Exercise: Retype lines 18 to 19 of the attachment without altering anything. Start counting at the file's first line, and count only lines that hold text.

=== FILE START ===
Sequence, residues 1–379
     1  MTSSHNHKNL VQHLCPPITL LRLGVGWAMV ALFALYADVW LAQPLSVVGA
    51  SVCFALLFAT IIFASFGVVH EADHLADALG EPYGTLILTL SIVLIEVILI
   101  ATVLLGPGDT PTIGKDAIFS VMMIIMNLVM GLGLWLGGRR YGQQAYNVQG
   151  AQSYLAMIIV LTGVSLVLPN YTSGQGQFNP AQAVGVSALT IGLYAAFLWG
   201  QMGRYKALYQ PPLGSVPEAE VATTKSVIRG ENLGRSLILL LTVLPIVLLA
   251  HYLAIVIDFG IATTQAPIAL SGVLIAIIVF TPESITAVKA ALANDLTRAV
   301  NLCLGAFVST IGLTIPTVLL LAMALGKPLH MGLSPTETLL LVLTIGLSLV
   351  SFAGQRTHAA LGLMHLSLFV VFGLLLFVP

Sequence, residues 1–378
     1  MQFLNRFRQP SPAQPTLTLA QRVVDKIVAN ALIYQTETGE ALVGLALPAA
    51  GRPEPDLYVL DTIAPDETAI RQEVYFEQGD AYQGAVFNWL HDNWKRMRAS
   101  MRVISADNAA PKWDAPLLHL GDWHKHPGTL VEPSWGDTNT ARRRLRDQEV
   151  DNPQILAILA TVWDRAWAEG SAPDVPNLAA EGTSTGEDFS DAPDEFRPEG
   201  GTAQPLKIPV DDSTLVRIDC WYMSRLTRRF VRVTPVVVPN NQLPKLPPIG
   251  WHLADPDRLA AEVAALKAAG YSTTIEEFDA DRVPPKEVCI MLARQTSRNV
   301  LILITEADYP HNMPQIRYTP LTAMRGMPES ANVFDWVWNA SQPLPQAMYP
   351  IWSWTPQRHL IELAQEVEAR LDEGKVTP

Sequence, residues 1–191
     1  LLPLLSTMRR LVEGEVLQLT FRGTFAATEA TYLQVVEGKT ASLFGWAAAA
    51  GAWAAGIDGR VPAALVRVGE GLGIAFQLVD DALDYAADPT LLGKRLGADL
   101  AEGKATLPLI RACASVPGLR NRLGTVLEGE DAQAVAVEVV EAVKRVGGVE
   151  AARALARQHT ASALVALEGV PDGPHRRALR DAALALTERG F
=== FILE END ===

   351  IWSWTPQRHL IELAQEVEAR LDEGKVTP

Sequence, residues 1–191